Sunday, April 25, 2010

What Is A Photograph...?

Definition of Photography: pho·tog·ra·phy
Pronunciation: \fə-ˈtä-grə-fē\
Function: noun
The art or process of producing images by the action of radiant energy and especially light on a sensitive surface (as film or a CCD chip).
Etymology: From the Greek words phos ("light"), and graphis ("stylus", "paintbrush") or graphí, together meaning "drawing with light" or "representation by means of lines", "drawing".

The man in this picture is engaged in a deep conversation with us. He is saying, "You can see me, but I can also see you. I know you are there, you are looking at me, and I'm aware that you're looking at me. I have left an image of myself for you." He is saying to us, "Allow me to introduce myself," and it's almost as if he is ready to offer us a cup of coffee. By almost any definition, this image is a photograph -- except that, it was done 362 years ago, in 1648. The 362 years that separate us do not exist. This picture seems so real, and is so compelling, I can't look at it without being drawn away from the 21st Century and into 1648. All sense of time is suspended.

More than any other work of art this man has produced, I believe this drawing is his immortality. The drawing is not as famous as most of his other works, and perhaps many people might not even recognize him. But he gazes out at the world, possibly for centures to come, and tells us he was here, he lived, and despite his extraordinary talent, he was just a normal, regular, ordinary person like everyone else -- sitting at his kitchen table, sketching. And in case you don't recognize his signature in the bit of lace curtain at the top of the window, this is Rembrandt Harmenszoon van Rijn.

Rembrandt.

To me, this picture is an incredible photograph, an immortal snapshot suspended in time.

22 comments:

Linda S. Socha said...

Well done Jo. Compelling
Linda

Donna B said...

Hi Jo. Sorry I have not been to visit...we thought we were selling the house and moving back to CALI, but that did not happen. The market sucks and we are not giving our home away. My hubby needs to retire. Lots to catch up on...I will be back to the treehouse... hugs!!!

Nes said...

Photography is truly amazing, beautiful. You inspire me!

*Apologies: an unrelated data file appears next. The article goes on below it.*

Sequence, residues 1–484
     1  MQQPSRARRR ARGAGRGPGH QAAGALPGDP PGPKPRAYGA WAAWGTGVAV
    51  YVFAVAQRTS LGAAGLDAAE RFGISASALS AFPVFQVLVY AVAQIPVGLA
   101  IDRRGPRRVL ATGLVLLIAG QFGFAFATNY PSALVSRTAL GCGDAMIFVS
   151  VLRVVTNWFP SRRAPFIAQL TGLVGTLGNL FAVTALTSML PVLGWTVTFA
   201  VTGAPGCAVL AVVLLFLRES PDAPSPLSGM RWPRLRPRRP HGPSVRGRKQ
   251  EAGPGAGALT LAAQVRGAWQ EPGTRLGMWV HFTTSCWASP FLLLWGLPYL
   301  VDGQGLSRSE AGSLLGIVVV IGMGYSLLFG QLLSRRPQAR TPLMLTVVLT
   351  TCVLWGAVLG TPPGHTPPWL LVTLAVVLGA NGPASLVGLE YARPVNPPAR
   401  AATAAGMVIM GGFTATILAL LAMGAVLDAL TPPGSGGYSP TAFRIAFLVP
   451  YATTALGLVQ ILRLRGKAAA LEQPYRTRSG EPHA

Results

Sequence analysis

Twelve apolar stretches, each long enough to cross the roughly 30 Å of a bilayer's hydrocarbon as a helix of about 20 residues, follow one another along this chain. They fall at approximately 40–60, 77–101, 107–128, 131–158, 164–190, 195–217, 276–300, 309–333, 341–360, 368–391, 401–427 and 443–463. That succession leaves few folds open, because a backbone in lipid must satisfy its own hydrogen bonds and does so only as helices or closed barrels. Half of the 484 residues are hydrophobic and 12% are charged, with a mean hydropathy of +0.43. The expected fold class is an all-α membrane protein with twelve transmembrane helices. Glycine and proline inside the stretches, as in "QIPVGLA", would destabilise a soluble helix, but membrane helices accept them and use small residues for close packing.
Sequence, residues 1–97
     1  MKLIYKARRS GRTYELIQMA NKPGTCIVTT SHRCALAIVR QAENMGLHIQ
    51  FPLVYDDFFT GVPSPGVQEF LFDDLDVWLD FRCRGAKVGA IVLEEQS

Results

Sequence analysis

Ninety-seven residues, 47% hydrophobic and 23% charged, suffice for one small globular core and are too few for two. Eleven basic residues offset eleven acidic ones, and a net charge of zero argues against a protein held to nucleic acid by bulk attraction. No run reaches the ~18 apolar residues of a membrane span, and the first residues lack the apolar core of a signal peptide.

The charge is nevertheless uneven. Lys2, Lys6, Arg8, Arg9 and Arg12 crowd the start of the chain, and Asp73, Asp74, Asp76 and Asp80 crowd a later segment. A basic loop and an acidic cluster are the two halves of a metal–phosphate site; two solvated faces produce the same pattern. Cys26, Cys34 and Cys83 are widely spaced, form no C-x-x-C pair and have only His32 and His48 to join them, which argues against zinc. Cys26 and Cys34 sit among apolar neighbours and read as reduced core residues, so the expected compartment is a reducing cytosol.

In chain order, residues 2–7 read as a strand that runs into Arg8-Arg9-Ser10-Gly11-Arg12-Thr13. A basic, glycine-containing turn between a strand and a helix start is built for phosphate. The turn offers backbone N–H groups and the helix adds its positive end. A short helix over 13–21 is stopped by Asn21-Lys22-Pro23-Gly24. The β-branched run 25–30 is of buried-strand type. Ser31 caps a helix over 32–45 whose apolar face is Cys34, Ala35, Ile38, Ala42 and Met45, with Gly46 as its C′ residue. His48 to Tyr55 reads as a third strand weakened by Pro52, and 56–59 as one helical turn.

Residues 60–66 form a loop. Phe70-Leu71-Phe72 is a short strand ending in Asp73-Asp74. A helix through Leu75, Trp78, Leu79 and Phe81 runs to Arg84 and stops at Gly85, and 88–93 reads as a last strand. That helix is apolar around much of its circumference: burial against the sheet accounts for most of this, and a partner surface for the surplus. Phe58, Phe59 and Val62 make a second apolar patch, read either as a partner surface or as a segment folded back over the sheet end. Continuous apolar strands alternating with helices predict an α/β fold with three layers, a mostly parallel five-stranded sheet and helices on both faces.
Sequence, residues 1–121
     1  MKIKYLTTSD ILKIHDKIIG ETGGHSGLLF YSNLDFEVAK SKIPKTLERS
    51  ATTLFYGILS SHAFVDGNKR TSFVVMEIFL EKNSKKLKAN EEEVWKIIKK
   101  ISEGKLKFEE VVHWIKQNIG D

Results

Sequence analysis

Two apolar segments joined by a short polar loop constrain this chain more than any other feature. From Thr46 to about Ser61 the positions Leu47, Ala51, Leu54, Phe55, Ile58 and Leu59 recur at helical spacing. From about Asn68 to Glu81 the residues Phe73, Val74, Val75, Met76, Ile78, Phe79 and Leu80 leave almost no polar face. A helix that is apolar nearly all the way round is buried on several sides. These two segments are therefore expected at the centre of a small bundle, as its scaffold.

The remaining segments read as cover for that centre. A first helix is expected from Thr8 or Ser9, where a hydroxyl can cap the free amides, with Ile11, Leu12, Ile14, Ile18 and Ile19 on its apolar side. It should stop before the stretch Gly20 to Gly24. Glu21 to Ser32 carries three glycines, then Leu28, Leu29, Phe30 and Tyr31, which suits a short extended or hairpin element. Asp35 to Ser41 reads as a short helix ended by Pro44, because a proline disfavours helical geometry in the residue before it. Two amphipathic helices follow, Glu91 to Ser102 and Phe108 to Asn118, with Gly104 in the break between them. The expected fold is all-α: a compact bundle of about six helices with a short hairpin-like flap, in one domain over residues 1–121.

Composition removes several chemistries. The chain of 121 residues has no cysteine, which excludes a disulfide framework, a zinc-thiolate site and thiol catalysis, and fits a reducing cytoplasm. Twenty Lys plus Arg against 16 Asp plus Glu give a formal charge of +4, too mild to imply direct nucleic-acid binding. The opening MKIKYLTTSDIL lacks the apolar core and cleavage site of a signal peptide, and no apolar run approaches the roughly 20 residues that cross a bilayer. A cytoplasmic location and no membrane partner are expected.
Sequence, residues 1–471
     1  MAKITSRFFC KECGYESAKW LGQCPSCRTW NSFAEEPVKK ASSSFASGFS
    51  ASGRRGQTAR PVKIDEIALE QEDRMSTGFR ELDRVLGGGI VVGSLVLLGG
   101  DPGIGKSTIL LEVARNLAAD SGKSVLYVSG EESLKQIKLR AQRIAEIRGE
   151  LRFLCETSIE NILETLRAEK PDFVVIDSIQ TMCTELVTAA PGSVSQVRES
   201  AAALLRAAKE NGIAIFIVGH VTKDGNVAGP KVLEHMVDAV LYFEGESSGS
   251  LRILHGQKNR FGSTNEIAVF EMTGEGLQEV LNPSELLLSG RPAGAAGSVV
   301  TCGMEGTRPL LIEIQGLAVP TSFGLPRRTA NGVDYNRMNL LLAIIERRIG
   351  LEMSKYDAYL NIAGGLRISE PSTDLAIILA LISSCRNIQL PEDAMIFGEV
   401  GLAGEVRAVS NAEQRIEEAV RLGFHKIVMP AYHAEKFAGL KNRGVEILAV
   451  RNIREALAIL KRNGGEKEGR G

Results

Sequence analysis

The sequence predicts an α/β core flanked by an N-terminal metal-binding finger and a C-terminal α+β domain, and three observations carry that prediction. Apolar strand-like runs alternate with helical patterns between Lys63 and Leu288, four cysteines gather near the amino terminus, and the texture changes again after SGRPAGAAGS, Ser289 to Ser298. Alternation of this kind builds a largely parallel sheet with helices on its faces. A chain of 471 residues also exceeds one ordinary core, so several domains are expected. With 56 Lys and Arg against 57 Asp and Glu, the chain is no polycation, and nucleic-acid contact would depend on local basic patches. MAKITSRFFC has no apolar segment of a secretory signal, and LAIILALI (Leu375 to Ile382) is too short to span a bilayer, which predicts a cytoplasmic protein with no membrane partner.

Firefly said...

Wow, 1648. That was 4 year before the first Europeans came and settled here in South Africa

DJan said...

I can picture him sitting at the table, drawing this picture, and you're right, it's like looking into a mirror of the past. I saw the lace and when I enlarged could see his signature. I had never seen a self portrait of him before and also wonder if he is tired from looking out from the photograph for hundreds of years. :-) Thoughtful post.

Katy said...

What a wonderful post Jo. I had never seen a portiat of Rembrant before. He seems quite content. I don't think I would have ever imagined this face just from looking at his works. Thank you for sharing.

kenju said...

He's saying: "What do you want? Can't you see I'm deep in paperwork? Quit interrupting me!"

heartinsanfrancisco said...

It's marvelous! I think I saw this one in Amsterdam, long ago. Rembrandt was perhaps the most compelling portraitist ever. The camera had to be invented because no one else could draw like that.

gigihawaii said...

I'll never again see this type of art without thinking of your splendid post. I now have a new way of looking at photographs in general, also.

Sam Liu said...

Wow...you've described it so well, I didn't realise it was Rembrandt and when I finally clicked, it was quite moving. You're right, there is something infinitely human about this piece, the man behind the Art, looking out forever amongst his people. Truly brilliant.

HAPPY IN NEVADA said...

..and thankfully also for Michelangelo; DaVinci, and our modern-day Norman Rockwell (to name just a few others who've given us hundreds years of portraits before the camera could do it so easily....

Whitney Lee said...

I've never seen a self portrait of his before. You are right; it looks like a picture. The detail is amazing. Thank you.

Brenda said...

I have never seen this before. It looks like a sketch to me and not a photograph. Maybe I should go back and reread your post. My brain might be confused. Going back for a look again...

Brenda said...

I don't know where my mind went with that last post...
I see now what I didn't see before. Embarrassed...

Owen said...

Simply beautiful post Jo. I admit, I was thinking Rembrandt as soon as I opened your page and saw the image, but that may be because I once spent hours gazing at a self portrait he did which is in Kenwood House, Hampstead Heath, London... which you can see here :

http://en.wikipedia.org/wiki/Kenwood_House

Love this drawing you found, had not seen it before... many thanks !

Eternally Distracted said...

An incredible photograph indeed :0)

Mia said...

If it's not photosensitive it's not a photograph. Rembrandt's almost 100 self-portraits are pretty realistic but not as temporary as a photograph.

Susan said...

What a wonderful post JO. Your text really brought this photo alive for me.
Have a good week.

Cloudia said...

Thank you for helping us to comprehend WHY he is such an important artist!


Aloha from Waikiki


Comfort Spiral

Paula Slade said...

Marvelous post Jo. A wonderful reflection on immortality and art.

Backyard Bargain said...

This is incredible Jo. I also like the pics on right side of yr blog.

Backyard Bargain said...
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